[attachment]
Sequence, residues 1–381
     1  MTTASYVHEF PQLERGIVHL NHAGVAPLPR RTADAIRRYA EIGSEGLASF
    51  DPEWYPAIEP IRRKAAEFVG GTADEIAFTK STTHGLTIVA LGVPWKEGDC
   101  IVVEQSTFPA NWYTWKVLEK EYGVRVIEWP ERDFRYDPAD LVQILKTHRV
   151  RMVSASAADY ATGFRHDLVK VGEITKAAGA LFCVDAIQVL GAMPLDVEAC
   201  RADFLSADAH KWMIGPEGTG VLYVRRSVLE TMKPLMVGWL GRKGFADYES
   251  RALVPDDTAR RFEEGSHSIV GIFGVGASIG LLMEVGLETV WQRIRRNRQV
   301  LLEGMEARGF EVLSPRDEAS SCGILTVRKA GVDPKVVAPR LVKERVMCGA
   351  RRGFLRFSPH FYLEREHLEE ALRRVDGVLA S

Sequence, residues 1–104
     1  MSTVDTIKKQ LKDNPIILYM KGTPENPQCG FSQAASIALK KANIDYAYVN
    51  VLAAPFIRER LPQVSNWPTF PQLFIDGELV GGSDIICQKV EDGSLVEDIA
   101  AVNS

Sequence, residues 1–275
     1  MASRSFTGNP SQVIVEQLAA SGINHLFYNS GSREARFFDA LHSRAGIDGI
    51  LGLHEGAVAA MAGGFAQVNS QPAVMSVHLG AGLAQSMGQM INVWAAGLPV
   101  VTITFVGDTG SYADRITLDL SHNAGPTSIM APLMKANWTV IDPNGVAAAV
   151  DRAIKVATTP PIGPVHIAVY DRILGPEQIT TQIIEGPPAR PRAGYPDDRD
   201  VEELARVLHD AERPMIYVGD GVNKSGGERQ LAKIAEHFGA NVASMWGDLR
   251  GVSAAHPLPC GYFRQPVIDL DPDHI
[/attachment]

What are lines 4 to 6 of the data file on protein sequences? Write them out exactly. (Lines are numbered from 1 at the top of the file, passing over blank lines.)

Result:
   101  IVVEQSTFPA NWYTWKVLEK EYGVRVIEWP ERDFRYDPAD LVQILKTHRV
   151  RMVSASAADY ATGFRHDLVK VGEITKAAGA LFCVDAIQVL GAMPLDVEAC
   201  RADFLSADAH KWMIGPEGTG VLYVRRSVLE TMKPLMVGWL GRKGFADYES